In the wake of a tainted infant formula scandal that killed six babies and hospitalized 860 in China in 2008, a New Zealand-based company came up with a way to capitalize on the market’s fear.
But when the company chose what it saw as a simple local logo to help the product seem more foreign, little did it know that forces were set in motion that would unravel the whole scam.[more]
Thinking it would communicate its product’s origins, Kiaora New Zealand International, which exports its baby formula to China, used the local Maori term “Heitiki” on cans of its infant mix.
The Maori community, not surprisingly, protested:
The nation’s Associate Health Minister agreed, stating: “The use of heitiki, our traditional taonga, for the marketing of infant milk powder has been criticised as both disrespectful of tikanga Maori and representing the theft of cultural knowledge.”
The New Zealand Herald notes that “Huge demand for safe infant formula exists in China after the San Lu melamine tampering scandal, which killed children.”
NZ, a hub of dairy production, represents a safe and excellent base for China-focused brands looking to export baby formula back home, where imported formula is seen as safer.
Reacting immediately, the brand’s GM stated, “We deeply regret the cultural insensitivity on our part arising from our use of the Heitiki brand… We will be rebranding the product without reference to Maori culture but in a way that still promotes its New Zealand manufacture.”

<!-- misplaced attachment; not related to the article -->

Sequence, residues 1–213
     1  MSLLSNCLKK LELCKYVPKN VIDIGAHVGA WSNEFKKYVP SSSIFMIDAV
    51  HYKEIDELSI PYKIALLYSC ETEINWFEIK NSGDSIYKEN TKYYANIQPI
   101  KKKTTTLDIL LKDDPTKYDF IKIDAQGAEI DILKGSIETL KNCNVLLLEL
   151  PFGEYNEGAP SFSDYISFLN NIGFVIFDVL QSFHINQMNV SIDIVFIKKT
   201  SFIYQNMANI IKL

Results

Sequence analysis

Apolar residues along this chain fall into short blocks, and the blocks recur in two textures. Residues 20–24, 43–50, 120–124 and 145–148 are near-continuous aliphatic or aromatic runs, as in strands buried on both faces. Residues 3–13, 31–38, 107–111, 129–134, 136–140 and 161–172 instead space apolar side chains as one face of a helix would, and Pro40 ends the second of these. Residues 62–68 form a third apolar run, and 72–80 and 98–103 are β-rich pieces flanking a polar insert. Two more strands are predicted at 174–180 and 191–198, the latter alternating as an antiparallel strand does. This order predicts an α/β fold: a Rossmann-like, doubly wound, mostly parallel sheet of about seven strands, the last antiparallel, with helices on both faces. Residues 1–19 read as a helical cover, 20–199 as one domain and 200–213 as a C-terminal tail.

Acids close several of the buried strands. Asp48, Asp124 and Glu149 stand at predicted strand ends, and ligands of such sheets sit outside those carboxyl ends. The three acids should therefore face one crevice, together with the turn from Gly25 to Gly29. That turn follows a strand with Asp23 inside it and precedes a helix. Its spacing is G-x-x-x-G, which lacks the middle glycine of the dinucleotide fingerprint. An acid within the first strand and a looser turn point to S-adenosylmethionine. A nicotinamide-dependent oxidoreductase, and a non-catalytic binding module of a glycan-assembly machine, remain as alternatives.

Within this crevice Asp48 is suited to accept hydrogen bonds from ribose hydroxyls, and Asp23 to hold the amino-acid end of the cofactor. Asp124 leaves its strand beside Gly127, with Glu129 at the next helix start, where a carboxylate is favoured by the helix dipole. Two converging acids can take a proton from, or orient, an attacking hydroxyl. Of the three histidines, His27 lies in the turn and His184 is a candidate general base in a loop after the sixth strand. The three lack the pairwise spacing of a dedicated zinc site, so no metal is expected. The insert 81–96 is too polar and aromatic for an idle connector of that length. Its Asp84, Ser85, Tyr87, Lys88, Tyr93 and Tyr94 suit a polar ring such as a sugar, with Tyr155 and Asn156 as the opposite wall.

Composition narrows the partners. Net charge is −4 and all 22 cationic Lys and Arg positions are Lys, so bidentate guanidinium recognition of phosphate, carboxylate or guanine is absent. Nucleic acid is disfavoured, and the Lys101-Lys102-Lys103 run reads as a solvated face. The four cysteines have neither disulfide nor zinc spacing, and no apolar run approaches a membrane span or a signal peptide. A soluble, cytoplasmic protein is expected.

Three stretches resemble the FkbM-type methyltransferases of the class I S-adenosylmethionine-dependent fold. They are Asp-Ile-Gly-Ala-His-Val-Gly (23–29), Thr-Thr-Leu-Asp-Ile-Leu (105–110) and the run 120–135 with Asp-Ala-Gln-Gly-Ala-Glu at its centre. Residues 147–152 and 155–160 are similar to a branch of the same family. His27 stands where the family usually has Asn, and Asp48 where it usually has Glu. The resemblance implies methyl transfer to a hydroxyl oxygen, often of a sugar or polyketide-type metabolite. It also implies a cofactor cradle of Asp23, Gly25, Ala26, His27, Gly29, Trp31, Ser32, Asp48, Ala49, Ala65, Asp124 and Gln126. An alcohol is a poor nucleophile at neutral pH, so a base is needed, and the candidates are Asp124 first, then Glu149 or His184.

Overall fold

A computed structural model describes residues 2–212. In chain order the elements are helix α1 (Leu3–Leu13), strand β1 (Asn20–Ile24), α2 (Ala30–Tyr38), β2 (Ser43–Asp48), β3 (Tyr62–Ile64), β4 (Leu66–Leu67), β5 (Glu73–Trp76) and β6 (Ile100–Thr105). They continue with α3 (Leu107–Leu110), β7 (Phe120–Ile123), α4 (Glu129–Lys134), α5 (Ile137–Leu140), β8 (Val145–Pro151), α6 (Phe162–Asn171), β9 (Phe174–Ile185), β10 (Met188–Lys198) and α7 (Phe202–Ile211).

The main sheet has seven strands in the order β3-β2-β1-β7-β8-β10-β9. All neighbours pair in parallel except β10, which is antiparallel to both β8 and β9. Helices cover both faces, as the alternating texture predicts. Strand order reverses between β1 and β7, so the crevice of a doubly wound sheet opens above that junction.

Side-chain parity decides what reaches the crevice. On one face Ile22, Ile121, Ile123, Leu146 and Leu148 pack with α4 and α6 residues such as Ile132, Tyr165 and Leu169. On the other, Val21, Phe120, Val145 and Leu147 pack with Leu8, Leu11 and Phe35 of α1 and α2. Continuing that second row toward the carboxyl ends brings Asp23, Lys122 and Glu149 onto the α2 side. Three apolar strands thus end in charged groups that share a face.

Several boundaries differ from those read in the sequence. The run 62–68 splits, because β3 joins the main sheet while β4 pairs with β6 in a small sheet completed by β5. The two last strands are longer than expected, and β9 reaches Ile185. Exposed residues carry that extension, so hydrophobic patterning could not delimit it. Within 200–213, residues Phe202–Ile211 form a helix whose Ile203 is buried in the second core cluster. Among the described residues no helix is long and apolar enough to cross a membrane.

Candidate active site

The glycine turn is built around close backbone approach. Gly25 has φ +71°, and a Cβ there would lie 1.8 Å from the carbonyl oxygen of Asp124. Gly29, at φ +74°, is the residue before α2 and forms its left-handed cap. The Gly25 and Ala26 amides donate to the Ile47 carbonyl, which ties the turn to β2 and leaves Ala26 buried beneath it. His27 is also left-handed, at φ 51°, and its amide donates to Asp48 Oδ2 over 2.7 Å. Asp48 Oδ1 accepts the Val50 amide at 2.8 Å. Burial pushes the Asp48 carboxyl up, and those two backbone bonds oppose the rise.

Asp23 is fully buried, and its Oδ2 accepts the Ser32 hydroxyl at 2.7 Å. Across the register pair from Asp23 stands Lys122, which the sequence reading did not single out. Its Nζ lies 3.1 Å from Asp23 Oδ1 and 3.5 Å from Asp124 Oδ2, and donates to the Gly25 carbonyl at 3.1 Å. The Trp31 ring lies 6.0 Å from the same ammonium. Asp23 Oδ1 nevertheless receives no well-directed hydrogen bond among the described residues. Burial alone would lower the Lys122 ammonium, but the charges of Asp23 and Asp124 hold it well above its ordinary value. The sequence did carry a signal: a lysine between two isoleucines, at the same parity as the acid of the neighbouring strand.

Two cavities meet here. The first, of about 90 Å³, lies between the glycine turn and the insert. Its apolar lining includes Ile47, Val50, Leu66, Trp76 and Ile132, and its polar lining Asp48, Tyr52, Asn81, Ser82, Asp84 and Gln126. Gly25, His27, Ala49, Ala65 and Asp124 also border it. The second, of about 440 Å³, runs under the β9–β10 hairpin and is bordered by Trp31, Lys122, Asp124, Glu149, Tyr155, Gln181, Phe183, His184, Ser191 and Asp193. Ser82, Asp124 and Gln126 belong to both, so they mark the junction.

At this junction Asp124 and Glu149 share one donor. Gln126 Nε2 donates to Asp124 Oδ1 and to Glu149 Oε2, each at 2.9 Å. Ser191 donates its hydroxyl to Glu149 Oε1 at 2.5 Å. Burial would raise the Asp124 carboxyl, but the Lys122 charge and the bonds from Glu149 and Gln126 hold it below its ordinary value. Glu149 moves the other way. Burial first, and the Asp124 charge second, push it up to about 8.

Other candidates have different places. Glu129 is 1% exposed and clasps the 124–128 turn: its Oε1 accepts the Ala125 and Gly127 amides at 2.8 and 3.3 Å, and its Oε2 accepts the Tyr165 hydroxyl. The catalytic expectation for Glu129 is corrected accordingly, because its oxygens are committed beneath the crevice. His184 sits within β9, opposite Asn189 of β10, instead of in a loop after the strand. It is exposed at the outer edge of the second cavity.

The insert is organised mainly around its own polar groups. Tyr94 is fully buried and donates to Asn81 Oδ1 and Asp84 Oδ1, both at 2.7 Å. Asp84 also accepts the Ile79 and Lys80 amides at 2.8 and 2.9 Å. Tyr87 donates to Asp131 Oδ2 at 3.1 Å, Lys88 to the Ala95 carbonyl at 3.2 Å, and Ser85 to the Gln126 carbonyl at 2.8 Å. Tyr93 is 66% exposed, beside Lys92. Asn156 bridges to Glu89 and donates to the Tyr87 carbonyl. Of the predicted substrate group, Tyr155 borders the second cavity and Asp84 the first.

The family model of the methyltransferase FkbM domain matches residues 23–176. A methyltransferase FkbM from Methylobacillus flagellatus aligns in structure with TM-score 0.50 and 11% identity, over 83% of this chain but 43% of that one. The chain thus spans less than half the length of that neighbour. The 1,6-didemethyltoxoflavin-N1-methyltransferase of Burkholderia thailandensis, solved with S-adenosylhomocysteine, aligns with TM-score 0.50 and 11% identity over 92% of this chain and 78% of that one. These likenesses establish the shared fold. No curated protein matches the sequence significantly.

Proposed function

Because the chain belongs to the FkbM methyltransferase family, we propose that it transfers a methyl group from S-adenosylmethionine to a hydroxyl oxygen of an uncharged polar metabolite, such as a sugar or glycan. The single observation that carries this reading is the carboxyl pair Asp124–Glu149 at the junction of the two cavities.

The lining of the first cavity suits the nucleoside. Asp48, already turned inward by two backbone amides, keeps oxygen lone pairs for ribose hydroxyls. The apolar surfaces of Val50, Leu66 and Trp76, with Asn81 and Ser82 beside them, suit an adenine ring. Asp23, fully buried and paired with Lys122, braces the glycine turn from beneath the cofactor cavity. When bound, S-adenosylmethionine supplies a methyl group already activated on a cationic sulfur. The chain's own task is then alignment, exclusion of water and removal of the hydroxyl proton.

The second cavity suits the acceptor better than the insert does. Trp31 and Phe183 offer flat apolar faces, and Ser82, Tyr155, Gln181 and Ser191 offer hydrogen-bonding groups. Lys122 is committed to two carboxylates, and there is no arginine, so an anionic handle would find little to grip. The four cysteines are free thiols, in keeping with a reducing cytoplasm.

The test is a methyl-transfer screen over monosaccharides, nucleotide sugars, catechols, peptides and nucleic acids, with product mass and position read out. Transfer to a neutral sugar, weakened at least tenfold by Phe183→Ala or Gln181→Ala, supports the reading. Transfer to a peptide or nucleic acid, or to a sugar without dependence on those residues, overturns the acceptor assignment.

Case closed for the brand. But wait, there’s more.
The same day the brand apologized and committed to a rebrand, Chinese news agency Xinhua reported that “New Zealand agricultural produce regulators cleared an Auckland-based firm that exported infant formula to China of food safety concerns, just hours after confirming they had launched an investigation.”
And while the brand passed scrutiny over the safety and quality of its product, the criticism of its marketing flared up in another area.
Turns out Kiaora New Zealand International was claiming in the Chinese marketplace that the company was “dedicated to sourcing and providing Kiwi mums with the best and healthiest infant formula available” and that its “Heitiki” formula had “become the new standard in New Zealand.”
But as the New Zealand Food and Grocery Council points out, the brand is export-only formula. The Council released a perplexed statement: “It’s hard to fathom how Heitiki is the ‘new standard’ when scan data shows New Zealand and Australian supermarkets do not sell the product at all.” The Council called for a full investigation.
Kiaora New Zealand International, which had only been producing formula since March and clearly isn’t aware of the WHO’s global standards on infant formula marketing, appears to be watching in slow motion as its marketing scam unravels.
Not surprisingly, Heitiki.co.nz, which used to feature a prominent Heitiki banner front and center, is currently down for maintenance.
Cached versions of the site include a News sections about how popular the brand is in New Zealand as well as (what has to be fictional) “Customer Feedback” area. One point in the “Why Choose Us” sections reads “Many NZ parents are using Kiaora infant formula. Hear their story on why our baby formula is their preferred choice.”
The scandal is exacerbated as health organizations in New Zealand have worked hard to promote the health benefits of breastfeeding. Mommy bloggers, of course, are outraged.
It would seem the jig is up for Kiaora.